4 Physical Properties Materials Processors Information Processors Manufacturing Mining Extraction Different types of transformation processes Information properties Possession Retail Location Post Freight Ports Telecoms Storage / accommodation Warehouses Physiological State Psychological State Banks HQs Accountants Architects Analysts Market Research Universities Consultants Newsmen Library archives Customer processors Hairdressers Surgeons Public Transport Taxis Hotels Hospitals Dentists Health care Education Theatres Theme parks 5 . change location change possession.distinction is being blurred with increasing emphasis on customer satisfaction including design.g hotel.g CD and restaurant meal or haircut .tangibility products are tangible .4 page 14) Transforming resources Transforming process = facilities e.produces printed bank statements – uses materials but bank processes customers and information Most businesses can be classified by being dominant in one of the 3 categories (see Table 1.simultaneity concerns timing of production e. service high contact . quality and delivery All operations are service providers Outputs from transformation process can be classified as follows:. services are usually non-storability .g.customer contact physical products usually have low customer contact. factory staff = materials processing information processing customer processing change form.storability some products can be store for short or long term.quality customers judge quality of production of physical products by final product but many services by the service provided. change properties Services and products are merging .transportability physical goods can be transported but health treatment not so easy to transport . Table 1. Bank .MBA Operations Strategies & Change Management Lecture 1 Transformed resources (inputs) = materials Often one of these is dominant in a particular information operation customers e.
variation in demand for output . high variation in demand implies higher levels of inventory and higher costs high visibility has impact on process especially queueing and productivity. Macro operation = Sum of many Micro operations. recording. e. These 4 factors have significant impact on the operations performance. administration. technical.to build sets. high volume leads to specialisation. sound. lighting.8 page 25 Figure 1. e.workshops .volume of output .MBA Operations Strategies & Change Management Lecture 1 Process Hierarchy A total operation is made up of many small organisations. The major differences and important influences are as follows : . scenery and props .g Television programme many inputs – production. props etc Macro event to produce programme but within this many Micro operations .g.marketing . studios. test markets.production – organises and shoots the programme .maintain and repair equipment and provide technical equipment .visibility degree to which customers see the production process. cameras. A typology of operations based on these 4 factors in Fig 1.variety of product or service output .5 page 17 for useful diagram.engineering . repeatability and lower costs.accounts – estimates likely costs. high variety usually requires matching customer needs and higher costs. provide information and advice . How are operations different? Operations have similarities but also differences in how input resources are transformed.liaise with potential customers.8 Implications Low repetition Each staff member performs more of job Less systemisation High unit costs Flexible Complex Match customer needs High unit costs A typology of operations Implications High repeatability Specialisation Systemisation Capital intensive Low unit costs Well defined Routine Standardised Regular Low unit costs Low Volume High Low Variety High 6 . creates budgets and controls cash flow see fig 1.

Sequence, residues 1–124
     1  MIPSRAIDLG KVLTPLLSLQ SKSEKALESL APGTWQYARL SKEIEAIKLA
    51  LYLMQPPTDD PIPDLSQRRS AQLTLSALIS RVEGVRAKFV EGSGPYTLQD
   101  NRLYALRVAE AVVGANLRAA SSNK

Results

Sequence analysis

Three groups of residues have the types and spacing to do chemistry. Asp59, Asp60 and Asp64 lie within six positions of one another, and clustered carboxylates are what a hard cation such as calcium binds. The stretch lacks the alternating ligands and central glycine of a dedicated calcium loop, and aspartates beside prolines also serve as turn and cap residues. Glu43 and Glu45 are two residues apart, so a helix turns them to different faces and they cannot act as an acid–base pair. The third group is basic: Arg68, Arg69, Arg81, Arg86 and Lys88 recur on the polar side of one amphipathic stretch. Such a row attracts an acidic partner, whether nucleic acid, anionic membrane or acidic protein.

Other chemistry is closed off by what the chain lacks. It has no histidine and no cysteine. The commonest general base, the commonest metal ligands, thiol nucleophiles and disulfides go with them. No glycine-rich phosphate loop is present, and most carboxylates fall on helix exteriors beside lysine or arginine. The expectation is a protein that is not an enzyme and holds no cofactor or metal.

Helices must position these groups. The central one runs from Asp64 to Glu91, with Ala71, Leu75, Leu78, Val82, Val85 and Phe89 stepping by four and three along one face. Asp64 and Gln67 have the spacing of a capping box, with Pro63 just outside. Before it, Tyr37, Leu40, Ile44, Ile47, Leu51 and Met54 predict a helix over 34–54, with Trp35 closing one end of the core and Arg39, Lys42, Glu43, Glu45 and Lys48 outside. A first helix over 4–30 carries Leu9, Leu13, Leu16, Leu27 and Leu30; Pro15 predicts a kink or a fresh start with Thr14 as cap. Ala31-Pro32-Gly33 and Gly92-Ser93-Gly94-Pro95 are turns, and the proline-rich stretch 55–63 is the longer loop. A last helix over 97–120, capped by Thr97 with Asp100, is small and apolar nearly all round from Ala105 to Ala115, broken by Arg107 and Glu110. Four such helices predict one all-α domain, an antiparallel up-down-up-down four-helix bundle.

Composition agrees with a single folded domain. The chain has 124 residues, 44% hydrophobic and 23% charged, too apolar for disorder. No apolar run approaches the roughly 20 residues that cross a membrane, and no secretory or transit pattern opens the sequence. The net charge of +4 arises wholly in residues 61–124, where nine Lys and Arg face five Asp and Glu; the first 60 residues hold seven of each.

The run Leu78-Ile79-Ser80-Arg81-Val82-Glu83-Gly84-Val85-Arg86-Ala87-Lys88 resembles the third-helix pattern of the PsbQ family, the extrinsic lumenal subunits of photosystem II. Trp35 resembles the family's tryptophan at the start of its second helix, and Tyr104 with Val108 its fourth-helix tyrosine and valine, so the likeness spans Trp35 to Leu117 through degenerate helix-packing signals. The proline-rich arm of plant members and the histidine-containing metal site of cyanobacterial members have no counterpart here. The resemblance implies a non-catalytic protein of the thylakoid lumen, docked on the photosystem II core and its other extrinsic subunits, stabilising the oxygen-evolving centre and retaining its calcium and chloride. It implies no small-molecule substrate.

g. Much of the IT infrastructure and systems relates to operations Globalisation Environmental Social Technological Knowledge management Indirect Broad 7 . services and processes planning and controlling the operational processes liaising with other areas to ensure operations in line with other objectives e.g.g. Recruitment and training by Human Resources impacts operations e. Marketing plans/ Marketing mix impacts operations e.MBA Operations Strategies & Change Management Lecture 1 Stable Routine Predictable High utilisation Low unit costs Time lag between production and consumption Standardisation Low contact skills High staff utilisation Centralisation Low unit costs Changing capacity Anticipation Flexibility In touch with demand High unit cost Short waiting tolerance Satisfaction governed by customer perception Received variety is high High unit cost Low Variation High Low Visibility High What responsibilities do operations manager have? Operations managers have some responsibility for all the activities in the organisation which contribute to the effective production of goods and services Direct Direct Indirect Broad understand the operation’s strategic objectives developing an operations strategy for the organisation designing the operations products.